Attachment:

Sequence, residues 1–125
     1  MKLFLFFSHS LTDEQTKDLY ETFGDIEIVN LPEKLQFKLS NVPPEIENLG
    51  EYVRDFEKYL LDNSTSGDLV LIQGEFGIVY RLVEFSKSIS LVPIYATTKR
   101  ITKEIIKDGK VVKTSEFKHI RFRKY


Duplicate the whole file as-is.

Sequence, residues 1–125
     1  MKLFLFFSHS LTDEQTKDLY ETFGDIEIVN LPEKLQFKLS NVPPEIENLG
    51  EYVRDFEKYL LDNSTSGDLV LIQGEFGIVY RLVEFSKSIS LVPIYATTKR
   101  ITKEIIKDGK VVKTSEFKHI RFRKY